Every business model of the 20th century is built around managing risk. But no one ever decides to do business because they decide there is no risk– they make a buying decision, or select a business partner, because they affirmatively decide to trust someone. Trust is the essential driver of all purchase decisions. However, it is very rare that you hear a business build its management model around driving and expanding trust. Instead, investment in new technology and new business processes are justified based on the need to reduce or control risk. The time has come to abandon this model – in a global competitive market, where the Internet enables any customer to “route around failure" and select an alternative product or service provider, management must commit to a different model – a model that drives trust as the essential end-product for every decision.
Trust has many dimensions that I will explore through this blog. But, in a wired world, where every customer has access to significant amounts of information about the marketplace, the providers, and their products, trust begins with the most essential atomic element – information itself.
By focusing on the smallest object around which trust is developed, we can illustrate why risk-based management is no longer a functional model. Take, for example, you are browsing of the advertisements for various products on different sites. As a practical, human process, we do not begin to evaluate and compare the information by conducting a risk – based assessment. Our questions are first about understanding the identity of the webpage, the reputation of the operator, the reviews of the products that are available. We are gathering information that allows us to make a decision to affirmatively trust the further details about a product or service which will eventually inform our decision on purchasing the option we prefer.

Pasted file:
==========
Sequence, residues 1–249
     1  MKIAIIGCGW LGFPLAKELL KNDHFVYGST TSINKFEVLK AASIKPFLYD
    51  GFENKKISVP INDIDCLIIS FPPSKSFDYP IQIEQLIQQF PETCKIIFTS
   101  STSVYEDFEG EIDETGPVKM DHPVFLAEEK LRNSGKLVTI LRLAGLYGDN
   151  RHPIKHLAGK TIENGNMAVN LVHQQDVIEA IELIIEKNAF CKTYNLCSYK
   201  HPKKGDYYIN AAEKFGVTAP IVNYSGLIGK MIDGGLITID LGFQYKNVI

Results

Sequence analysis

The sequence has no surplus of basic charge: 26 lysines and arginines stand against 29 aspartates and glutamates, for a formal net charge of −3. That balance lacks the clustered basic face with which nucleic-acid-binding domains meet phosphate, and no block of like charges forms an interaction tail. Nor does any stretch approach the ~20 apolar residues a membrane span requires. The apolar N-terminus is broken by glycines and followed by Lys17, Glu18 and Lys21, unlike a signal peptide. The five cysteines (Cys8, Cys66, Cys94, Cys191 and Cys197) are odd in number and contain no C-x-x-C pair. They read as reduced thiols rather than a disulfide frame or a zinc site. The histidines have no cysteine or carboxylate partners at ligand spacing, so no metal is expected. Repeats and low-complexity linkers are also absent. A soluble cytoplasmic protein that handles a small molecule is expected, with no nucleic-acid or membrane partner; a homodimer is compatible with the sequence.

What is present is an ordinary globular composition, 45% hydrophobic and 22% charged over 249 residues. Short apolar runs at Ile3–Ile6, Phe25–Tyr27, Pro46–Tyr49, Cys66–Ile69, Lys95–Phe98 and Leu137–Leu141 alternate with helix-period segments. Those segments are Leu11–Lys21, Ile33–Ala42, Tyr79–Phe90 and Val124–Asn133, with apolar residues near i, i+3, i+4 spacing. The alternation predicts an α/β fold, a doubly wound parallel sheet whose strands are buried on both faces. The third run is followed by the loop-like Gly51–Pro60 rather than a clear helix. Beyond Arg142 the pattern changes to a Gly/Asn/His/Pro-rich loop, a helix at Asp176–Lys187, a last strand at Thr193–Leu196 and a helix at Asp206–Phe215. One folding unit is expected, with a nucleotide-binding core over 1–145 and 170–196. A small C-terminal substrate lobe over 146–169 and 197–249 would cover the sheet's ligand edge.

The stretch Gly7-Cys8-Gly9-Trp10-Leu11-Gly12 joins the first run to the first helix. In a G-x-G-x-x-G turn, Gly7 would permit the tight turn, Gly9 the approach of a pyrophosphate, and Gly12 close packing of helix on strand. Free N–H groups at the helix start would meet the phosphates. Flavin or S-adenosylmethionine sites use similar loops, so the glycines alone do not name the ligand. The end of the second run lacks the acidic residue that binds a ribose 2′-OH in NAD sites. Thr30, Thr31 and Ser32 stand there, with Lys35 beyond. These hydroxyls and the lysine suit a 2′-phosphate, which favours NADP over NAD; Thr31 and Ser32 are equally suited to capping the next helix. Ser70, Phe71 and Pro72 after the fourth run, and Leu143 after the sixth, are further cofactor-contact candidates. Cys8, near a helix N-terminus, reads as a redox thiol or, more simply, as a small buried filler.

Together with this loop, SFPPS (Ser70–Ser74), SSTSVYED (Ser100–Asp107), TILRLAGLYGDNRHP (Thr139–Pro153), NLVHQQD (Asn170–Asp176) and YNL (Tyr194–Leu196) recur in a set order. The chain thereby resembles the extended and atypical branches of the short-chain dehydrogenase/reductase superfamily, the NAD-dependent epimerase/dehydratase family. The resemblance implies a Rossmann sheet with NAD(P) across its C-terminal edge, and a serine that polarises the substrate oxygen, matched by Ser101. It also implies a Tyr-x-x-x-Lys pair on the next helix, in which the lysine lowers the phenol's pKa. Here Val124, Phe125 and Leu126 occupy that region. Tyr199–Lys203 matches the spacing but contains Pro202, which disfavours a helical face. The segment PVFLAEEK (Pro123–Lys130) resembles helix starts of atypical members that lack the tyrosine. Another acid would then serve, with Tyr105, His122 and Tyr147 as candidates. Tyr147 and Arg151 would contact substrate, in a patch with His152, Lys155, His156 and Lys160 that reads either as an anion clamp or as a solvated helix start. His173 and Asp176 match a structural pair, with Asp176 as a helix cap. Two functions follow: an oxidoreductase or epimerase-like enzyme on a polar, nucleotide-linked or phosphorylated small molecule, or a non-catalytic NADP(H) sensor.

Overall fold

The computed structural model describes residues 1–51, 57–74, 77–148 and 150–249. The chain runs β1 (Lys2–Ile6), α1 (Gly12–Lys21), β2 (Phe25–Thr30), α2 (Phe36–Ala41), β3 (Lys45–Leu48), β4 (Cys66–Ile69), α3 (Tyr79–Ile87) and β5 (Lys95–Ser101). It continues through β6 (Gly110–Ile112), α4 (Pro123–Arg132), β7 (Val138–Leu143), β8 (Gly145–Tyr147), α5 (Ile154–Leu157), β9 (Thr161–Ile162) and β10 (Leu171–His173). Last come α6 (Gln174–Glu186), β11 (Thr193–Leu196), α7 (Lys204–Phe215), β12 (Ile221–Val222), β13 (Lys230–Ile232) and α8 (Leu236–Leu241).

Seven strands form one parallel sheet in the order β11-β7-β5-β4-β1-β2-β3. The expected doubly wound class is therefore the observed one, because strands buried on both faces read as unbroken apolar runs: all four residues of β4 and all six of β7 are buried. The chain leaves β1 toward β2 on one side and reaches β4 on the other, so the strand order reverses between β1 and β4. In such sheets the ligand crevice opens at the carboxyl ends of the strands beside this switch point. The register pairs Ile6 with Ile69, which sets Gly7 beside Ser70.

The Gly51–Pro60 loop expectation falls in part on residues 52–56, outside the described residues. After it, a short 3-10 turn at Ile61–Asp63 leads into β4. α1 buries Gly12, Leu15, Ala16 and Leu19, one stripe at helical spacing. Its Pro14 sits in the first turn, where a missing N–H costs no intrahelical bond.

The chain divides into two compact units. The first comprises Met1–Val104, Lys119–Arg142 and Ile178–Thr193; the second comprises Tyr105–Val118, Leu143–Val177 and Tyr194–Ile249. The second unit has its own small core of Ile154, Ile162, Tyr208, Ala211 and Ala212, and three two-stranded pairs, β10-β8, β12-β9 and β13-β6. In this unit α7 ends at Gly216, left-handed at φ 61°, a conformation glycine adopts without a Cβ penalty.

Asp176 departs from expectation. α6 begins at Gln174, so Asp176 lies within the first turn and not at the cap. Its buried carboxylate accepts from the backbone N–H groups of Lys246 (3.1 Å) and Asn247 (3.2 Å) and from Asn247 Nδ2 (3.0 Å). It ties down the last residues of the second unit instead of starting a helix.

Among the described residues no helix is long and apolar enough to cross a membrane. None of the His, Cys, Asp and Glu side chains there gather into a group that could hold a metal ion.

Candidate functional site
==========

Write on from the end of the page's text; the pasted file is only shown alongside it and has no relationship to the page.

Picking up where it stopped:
In evaluating the information we gather, there is another process that occurs, often intuitively. Once the information is gathered, we challenge the information to demonstrate that it meets our criteria for being trusted. Is the information spelled correctly? Are there grammatical errors in the material? Is the presentation consistent with what I expect to see? These are the kinds of questions which are driven by our desire to make an affirmative trust decision, not to evaluate risk.
So, for some time, I have been troubled by the disconnect between risk–based management models and the simple fact that every buying decision is driven by trust evaluations. Does it not make sense that we should evaluate new investments in information technology or improvements in business processes by asking, "How will this new investment improve the trust that is placed by the buyer in our products and our services? How will we measure the results of the investment in improving the trustworthiness of the digital information on which we, and our customers, rely?"
Building digital trust begins by building trust in the smallest atomic element – each word, each phrase and each data object that make up the totality of information on which any business decision, or customer decision, will depend. But the first step is to recognize that continuing to emphasize risks and make investment decisions based on reducing risk, rather than accelerating trust, is a broken model.
I invite your thoughts and/or questions on this subject. Please comment below.